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Geology of the National Parks - Death Valley


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Golden Canyon stop 5

Light-colored lake beds of the Furnace Creek Formation in Golden Canyon
Light-colored lake beds. Photo by Ray Nordeen, NPS.

An Ancient Lake

Walking up Golden Canyon involves traveling through an ancient, changing landscape. It's time to again look closely at the rocks exposed in the canyon walls. You‘ll notice that the conglomerate layers composed of large boulders have given way to a different kind of rock. In contrast, these light-colored deposits are comprised of very small particles of silt and mud. Such fine-grained sediment is typical of debris that is deposited at the bottom of a calm lake.

These mudstones are thought to be of similar age to the lower conglomerate. So the boundary between these different rock layers represents a change in the ancient landscape rather than a change in time or climate-you have walked across the alluvial fan and into a lake!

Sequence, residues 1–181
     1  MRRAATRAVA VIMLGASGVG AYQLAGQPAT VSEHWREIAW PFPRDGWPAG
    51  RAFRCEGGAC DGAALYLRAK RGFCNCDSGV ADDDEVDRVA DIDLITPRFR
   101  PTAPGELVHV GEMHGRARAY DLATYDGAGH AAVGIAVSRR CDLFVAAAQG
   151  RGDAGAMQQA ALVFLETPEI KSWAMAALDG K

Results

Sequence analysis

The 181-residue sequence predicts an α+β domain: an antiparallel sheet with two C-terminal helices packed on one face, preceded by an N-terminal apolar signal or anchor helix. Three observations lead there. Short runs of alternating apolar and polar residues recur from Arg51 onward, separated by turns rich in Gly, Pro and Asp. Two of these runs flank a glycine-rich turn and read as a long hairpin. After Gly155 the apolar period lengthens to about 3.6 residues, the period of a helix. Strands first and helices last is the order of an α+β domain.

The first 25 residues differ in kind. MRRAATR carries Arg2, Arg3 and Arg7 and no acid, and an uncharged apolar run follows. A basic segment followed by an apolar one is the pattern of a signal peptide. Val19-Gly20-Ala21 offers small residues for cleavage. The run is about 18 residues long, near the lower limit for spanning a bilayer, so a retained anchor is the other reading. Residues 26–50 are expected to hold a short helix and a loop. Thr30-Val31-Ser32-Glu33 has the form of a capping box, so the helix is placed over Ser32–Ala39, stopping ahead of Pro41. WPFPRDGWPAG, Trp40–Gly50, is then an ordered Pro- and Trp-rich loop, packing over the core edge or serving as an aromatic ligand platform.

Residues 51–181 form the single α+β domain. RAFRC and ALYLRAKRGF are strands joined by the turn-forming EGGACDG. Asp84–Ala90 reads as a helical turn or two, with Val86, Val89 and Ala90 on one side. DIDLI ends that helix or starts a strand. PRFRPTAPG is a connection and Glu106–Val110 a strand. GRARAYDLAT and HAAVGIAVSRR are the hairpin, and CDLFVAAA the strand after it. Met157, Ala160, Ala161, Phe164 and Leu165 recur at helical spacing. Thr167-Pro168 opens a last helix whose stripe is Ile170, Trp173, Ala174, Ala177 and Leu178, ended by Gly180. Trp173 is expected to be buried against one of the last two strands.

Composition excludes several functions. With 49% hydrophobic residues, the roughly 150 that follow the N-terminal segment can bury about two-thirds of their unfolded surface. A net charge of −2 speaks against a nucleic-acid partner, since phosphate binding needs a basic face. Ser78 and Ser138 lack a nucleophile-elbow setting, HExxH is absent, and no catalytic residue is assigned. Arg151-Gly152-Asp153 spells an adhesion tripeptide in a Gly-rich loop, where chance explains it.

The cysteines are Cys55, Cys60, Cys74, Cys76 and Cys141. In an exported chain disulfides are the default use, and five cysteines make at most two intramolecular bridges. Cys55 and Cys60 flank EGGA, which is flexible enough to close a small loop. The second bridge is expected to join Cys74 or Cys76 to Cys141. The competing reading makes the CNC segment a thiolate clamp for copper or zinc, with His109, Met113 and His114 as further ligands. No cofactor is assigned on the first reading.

Ripple marks
Ripplemarks preserved in an ancient lake bed of Golden Canyon. Click for close-up.

Ripples in Time

Look closely at the surface of the tilted rock layers in this area. Rather than being perfectly flat, some of the surfaces have an undulating pattern. If you are familiar with a lake or sea shore environment, perhaps you have observed similar ripples shaped in the sand.

The ripple marks that you see here are further evidence of the ancient lake that once occupied this area; they were created by the movement of water over the loose sediment deposited at the bottom of the lake. The preservation of their delicate pattern required rapid burial beneath another layer of sediment. In other places in Death Valley, fascinating fossil footprints of large mammals have been found in lake deposits of similar age.

Continue hiking up Golden Canyon

Furnace Creek Formation in time
geologic time scale
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